The Foolish and the Dead Alone Never Change Their Opinion

Abraham Lincoln? James Russell Lowell? Anonymous?


Dear Quote Investigator: Intelligent and thoughtful people maintain mental flexibility throughout life. It is irrational to rigidly adhere to a fixed opinion in the face of reliable contrary information. Abraham Lincoln supposedly said:

The foolish and the dead alone never change their opinions.

These words have also been credited to the prominent poet and editor James Russell Lowell. What do you think?

Quote Investigator: This quotation appeared in the 1871 collection “My Study Windows” by James Russell Lowell within a section about President Abraham Lincoln. Boldface added to excerpts by QI: 1

The imputation of inconsistency is one to which every sound politician and every honest thinker must sooner or later subject himself. The foolish and the dead alone never change their opinion.

The passage above was written by Lowell and reflected his opinion. He did not ascribe the words to Lincoln; however, some readers probably became confused because the piece was about Lincoln. Lowell’s quotation differed slightly from the popular modern version. The word “opinion” was singular in the original statement.

Below are additional selected citations in chronological order.

In 1886 a periodical called “The American Homoeopathist” discussed the mysteries of medical cures and incorrectly ascribed a version of the quotation using the plural “opinions” to Lincoln: 2

The dynamics of remedies, like the dynamics of our existence, is not yet within our intellectual reach. Abraham Lincoln said “the foolish and the dead alone never change their opinions.”

In 1887 a newspaper in Abbeville, South Carolina published a miscellaneous collection of sayings without attributions in a column titled “Grains”. Here were three of the items. The variant phrasing of the quotation added the word “only” and omitted the word “alone”: 3

He is a strong man who can hold down his opinion.
Only the foolish and the dead never change their opinions.
Religion would have no enemies if it was not an enemy to vice.

In 1896 the “The San Francisco Call” newspaper of California published an article that criticized the opponents of women’s suffrage. The article credited Lowell with a slightly modified version of his original quotation: 4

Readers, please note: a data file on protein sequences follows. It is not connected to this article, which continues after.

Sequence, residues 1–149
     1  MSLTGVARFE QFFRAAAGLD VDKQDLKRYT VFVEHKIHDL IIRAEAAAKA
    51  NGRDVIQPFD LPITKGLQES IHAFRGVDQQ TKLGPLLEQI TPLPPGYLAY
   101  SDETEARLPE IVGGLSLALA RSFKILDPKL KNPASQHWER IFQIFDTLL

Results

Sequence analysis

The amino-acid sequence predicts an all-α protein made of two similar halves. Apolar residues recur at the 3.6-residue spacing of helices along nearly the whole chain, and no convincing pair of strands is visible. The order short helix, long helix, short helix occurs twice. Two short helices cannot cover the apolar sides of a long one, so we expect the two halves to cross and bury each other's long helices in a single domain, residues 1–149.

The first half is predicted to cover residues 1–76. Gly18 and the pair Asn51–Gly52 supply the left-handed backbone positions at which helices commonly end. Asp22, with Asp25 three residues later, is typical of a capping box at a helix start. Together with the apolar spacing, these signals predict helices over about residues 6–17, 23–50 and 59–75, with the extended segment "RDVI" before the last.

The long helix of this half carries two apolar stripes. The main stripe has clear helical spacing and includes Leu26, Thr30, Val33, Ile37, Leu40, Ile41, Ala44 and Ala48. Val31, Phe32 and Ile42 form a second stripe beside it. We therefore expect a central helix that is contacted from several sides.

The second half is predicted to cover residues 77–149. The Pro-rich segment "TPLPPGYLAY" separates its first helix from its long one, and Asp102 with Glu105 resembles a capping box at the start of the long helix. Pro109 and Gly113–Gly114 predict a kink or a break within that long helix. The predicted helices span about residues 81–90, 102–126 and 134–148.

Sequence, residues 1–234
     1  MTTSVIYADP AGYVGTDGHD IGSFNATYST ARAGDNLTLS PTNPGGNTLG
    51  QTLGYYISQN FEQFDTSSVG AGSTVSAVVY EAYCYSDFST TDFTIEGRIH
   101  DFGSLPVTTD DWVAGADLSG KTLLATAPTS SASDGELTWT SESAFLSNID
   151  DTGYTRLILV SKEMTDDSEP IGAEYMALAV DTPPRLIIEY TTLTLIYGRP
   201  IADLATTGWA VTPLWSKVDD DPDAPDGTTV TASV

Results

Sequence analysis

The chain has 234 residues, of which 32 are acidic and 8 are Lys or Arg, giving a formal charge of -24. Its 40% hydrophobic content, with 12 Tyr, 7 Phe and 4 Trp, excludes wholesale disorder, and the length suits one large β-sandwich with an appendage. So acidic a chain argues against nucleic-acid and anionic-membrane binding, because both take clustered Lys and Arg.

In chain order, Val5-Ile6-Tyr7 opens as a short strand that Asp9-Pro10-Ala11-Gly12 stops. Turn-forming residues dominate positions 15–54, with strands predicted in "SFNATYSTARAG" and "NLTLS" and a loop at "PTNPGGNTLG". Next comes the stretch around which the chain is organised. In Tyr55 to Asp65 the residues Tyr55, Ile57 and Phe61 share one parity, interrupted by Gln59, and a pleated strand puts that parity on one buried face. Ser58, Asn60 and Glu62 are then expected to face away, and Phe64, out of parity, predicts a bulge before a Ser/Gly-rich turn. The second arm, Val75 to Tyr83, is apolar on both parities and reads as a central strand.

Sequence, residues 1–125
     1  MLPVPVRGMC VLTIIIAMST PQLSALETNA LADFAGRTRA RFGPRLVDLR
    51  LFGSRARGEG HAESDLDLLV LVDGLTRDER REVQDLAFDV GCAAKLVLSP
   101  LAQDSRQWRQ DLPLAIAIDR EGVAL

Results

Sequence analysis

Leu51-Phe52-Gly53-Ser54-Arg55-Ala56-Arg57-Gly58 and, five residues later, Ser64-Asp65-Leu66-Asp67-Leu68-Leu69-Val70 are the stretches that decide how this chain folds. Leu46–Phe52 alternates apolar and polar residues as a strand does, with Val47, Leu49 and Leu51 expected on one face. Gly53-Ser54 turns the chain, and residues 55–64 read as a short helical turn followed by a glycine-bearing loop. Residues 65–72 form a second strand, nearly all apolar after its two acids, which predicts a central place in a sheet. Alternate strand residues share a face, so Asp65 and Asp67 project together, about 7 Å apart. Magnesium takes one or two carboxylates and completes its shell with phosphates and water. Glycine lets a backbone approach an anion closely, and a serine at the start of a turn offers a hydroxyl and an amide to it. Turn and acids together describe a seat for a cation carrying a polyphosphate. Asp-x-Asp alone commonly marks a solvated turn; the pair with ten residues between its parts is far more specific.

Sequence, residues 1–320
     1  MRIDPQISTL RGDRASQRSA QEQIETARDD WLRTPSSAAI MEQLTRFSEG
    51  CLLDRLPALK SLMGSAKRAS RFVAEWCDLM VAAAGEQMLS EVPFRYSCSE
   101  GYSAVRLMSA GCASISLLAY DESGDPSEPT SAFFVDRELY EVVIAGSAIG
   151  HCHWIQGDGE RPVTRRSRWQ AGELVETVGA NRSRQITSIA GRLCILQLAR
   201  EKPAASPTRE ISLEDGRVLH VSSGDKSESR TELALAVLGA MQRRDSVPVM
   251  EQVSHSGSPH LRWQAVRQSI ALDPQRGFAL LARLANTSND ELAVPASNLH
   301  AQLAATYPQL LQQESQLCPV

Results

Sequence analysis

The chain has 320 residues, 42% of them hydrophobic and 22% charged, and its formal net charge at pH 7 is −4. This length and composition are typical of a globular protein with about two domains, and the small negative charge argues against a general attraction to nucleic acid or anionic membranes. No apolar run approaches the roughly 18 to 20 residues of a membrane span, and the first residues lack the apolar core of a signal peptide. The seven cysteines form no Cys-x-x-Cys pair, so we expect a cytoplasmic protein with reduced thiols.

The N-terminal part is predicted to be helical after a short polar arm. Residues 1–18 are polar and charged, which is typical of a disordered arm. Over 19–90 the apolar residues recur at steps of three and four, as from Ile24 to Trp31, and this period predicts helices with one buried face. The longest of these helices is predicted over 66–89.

There is another class of objectors who say it would be very inconsistent to make such a departure from time-honored customs as the enfranchisement of woman would oblige. To such we say, with Emerson, that “A foolish consistency is the hobgoblin of little minds, adored by little statesmen and philosophers and divines”; and with Lowell, that “The foolish and the dead never change their opinions.”

In conclusion, James Russell Lowell should be credited with the statement he published in 1871. The ascription to Abraham Lincoln was a mistake that entered circulation by 1886. Multiple variants have evolved, e.g., the word “alone” is sometimes omitted, and the plural “opinions” is sometimes included.

Image Notes: Portrait of James Russell Lowell engraved by J. A. J. Wilcox circa 1855; accessed via Wikimedia Commons. Picture of a flexible model from PublicDomainPictures at Pixabay.

(Great thanks to Hugh Hyatt whose inquiry led QI to formulate this question and perform this exploration.)


  1. 1871, My Study Windows by James Russell Lowell (Professor of Belles-Lettres in Harvard College), Section: Abraham Lincoln: 1864, Start Page 150, Quote Page 166, James R. Osgood and Company, Boston, Massachusetts. (Google Books Full View) link
  2. 1886 March 1, The American Homoeopathist, Volume 12, Number 3, Brown: Dynamization and Force, Start Page 101, Quote Page 102 and 103, A. L. Chatterton & Company, New York. (Google Books Full View) link
  3. 1887 March 23, The Abbeville Press And Banner, Grains, Quote Page 1, Column 6, Abbeville, South Carolina. (Newspapers_com)
  4. 1896 May 4, The San Francisco Call, Woman Suffrage, Quote Page 6, Column 3, San Francisco, California. (Newspapers_com)